Spermatogenesis is a complex process of differentiation, involving germ-cell proliferation and renewal, meiosis, and spermiogenesis under the influence of Sertoli cells. It is characterized by complex morphological and biochemical transformations that lead to the formation of a highly specialized cell, the haploid spermatozoon. The spermatozoa are genetically diverse owing to the meiotic events of gene recombination and chromosome reassortment. The Sertoli cells forming the critical site for FSH and androgen-mediated biosynthetic events play important roles in the regulation of proliferation and differentiation of germ-cells in the seminiferous epithelium. The considerable progress evident in research on the normal development, differentiation, structure, biochemistry and physiology of spermatozoa in mammals owes much to the perfection of older and the evolvement of new techniques of transmission and scanning electron microscopy, lectin labelling and binding, histochemistry, autoradiography, biochemistry, quantitative research, biophysics, immunology, etc., which have been applied to the study of germ-cells and Sertoli cells both in vivo and in vitro. It is now possible to culture discrete segments of seminiferous epithelium at specific stages of spermatogenesis and separate germ-cells or Sertoli cells, thus allowing the investigator to isolate and monitor specific cell-mediated events. Electron microscopy of thin sections, surface replicas, freeze-cleaving and freeze-etching has made it possible to split the sperm specializations within the plane of the membrane specializations that may be important to the acrosome reaction and to gamete recognition and membrane fusion, which constitute the fundamental events of fertilization (Yanagimachi 1978a, Metz 1978, Shapiro and Eddy 1980, Clegg 1983, Shapiro 1984).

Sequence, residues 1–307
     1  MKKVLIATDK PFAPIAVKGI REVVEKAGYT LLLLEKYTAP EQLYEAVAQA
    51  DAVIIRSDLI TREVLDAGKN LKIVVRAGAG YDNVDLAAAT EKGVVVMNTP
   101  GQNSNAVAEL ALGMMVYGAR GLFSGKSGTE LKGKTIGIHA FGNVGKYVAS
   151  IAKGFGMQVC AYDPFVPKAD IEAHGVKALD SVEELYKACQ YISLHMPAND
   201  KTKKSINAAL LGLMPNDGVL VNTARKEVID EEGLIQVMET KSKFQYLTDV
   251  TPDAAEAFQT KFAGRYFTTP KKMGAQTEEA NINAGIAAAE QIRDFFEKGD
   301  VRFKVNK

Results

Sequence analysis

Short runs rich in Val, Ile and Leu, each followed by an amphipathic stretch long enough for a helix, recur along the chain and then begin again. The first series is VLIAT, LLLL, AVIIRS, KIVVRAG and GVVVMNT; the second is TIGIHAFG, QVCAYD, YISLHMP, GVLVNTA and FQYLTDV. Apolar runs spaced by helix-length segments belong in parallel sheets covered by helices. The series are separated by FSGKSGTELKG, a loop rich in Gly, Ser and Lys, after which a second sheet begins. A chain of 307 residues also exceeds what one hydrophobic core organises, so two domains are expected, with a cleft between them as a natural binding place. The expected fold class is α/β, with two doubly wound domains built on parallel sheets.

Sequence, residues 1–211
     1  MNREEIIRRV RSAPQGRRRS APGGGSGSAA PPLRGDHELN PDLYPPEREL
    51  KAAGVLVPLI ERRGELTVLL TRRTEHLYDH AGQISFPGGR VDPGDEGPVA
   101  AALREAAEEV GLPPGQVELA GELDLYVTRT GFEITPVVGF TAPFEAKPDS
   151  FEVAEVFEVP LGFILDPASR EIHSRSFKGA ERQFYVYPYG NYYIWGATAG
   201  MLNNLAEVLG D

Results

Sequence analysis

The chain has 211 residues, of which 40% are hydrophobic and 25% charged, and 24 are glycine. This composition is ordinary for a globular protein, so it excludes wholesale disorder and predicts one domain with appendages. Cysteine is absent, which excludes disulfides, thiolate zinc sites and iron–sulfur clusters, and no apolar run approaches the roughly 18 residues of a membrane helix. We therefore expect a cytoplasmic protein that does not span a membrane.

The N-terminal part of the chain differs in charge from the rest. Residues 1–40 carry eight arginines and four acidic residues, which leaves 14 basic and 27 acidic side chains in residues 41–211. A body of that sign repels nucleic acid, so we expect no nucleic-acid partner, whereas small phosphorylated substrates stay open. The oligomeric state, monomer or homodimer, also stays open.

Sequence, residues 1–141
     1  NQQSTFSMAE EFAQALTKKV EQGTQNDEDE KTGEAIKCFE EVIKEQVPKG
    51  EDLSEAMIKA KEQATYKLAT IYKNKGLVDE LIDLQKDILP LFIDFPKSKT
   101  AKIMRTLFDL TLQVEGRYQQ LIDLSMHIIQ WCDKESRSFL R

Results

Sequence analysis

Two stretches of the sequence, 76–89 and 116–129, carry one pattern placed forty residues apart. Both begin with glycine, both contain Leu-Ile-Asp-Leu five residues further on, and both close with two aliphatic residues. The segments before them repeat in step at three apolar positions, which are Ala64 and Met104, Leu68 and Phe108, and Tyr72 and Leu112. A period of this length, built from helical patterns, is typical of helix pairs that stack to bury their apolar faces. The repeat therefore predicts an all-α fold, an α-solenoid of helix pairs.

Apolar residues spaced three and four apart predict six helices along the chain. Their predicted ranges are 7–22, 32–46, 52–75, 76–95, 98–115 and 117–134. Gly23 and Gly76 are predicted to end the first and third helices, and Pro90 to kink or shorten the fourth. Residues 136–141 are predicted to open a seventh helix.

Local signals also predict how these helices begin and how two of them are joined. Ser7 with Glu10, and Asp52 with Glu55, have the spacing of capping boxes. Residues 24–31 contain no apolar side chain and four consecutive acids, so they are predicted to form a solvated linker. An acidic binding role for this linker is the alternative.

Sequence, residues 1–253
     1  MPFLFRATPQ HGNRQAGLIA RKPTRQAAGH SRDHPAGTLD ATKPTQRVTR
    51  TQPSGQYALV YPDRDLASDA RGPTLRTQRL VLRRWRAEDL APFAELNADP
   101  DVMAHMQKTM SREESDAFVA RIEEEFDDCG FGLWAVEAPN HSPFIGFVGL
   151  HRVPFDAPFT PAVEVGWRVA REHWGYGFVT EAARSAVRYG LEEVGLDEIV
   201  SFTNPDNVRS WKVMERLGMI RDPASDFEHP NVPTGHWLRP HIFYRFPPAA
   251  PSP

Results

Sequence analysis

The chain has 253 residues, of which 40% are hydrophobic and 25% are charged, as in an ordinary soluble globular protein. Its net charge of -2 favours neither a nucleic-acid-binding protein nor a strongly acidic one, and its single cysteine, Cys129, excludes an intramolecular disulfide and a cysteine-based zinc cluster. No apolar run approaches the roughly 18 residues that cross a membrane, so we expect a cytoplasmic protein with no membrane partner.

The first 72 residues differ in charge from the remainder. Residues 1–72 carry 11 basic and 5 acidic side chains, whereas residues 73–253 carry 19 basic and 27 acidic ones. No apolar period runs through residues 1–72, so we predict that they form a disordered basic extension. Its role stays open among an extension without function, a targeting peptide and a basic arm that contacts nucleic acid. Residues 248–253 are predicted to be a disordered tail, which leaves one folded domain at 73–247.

KeywordsRecombination Propionate Testosterone Polypeptide Prostaglandin
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